• Using DNS round-robining, where the DNS server is configured to map a DNS name to the addresses of all web servers in the web tier. Clients then use this DNS name to access the web tier as well as servlets and JSPs that are available on the presentation tier cluster. A downside of this approach is that the client still may resolve the DNS name to a failed web server. In that case, it is up to the client to issue another request to the web tier and avoid the failed server. For this reason, we do not recommend this approach.

The bank of web servers also could be implemented by a cluster of WebLogic instances that serve static content only, each hosting the HttpClusterServlet. In all cases, the web servers in the web tier should serve requests for static content while forwarding requests for JSPs and servlets to the presentation tier.

Note that in the situation depicted in Figure 14-3, the load balancer doesn't handle sticky sessions. Unlike the load balancer in Figure 14-2, this one is distributing requests to a bank of web servers that do not hold any session-state information. The load balancer still may hold some (internal) client session information for its own load-balancing purposes, but this is WebLogic-independent. The plug-in, on the other hand, will look at the client's cookie to determine which server to choose from in the presentation tier.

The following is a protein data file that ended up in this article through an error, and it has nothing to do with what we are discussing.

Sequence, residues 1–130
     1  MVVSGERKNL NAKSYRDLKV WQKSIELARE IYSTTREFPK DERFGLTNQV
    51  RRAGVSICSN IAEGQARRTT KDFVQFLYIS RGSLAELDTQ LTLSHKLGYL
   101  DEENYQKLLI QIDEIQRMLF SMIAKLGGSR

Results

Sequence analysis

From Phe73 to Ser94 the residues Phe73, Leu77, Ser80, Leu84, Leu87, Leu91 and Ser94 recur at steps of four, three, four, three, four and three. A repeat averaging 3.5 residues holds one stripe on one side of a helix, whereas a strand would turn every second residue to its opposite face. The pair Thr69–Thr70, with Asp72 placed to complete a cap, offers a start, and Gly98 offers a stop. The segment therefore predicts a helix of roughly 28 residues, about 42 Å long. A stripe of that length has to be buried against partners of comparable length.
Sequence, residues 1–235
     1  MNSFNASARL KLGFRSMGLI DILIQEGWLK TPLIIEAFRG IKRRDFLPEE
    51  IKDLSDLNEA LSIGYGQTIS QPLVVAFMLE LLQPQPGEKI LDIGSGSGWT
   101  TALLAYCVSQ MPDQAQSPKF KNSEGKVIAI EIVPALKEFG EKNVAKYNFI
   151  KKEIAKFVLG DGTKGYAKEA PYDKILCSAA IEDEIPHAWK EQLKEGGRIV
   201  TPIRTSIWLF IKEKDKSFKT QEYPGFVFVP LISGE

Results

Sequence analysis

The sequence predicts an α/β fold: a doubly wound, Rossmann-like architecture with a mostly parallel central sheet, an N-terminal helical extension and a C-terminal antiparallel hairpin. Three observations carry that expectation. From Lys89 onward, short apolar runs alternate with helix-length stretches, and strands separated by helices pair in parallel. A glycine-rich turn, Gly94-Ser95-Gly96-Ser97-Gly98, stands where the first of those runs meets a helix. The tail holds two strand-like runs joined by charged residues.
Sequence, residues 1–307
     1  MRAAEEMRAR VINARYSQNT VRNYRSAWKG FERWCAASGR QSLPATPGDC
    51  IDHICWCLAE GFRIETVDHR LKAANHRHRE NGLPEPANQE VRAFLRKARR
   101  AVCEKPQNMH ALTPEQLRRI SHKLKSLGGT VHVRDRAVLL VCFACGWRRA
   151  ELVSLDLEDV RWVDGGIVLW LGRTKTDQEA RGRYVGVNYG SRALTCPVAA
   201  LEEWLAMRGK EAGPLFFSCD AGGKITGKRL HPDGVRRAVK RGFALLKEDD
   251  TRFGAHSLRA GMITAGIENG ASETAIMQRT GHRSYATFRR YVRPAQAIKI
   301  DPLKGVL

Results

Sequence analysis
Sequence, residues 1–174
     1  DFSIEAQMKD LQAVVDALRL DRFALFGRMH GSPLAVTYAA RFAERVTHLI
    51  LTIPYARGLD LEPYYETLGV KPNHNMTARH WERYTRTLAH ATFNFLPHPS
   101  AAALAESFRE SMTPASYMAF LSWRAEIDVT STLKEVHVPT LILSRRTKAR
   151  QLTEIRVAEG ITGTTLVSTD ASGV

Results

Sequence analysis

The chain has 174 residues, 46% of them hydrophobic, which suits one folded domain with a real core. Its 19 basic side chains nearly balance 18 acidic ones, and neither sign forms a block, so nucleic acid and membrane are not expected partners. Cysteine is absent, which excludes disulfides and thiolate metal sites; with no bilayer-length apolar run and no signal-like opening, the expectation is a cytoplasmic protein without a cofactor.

Introduction

Web Applications

Managing the Web Server

Using JNDI and RMI

JDBC

Transactions

J2EE Connectors

JMS

JavaMail

Using EJBs

Using CMP and EJB QL

Packaging and Deployment

Managing Domains

Clustering

Performance, Monitoring, and Tuning

SSL

Security

XML

Web Services

JMX

Logging and Internationalization

SNMP



WebLogic. The Definitive Guide
WebLogic: The Definitive Guide
ISBN: 059600432X
EAN: 2147483647
Year: 2003
Pages: 187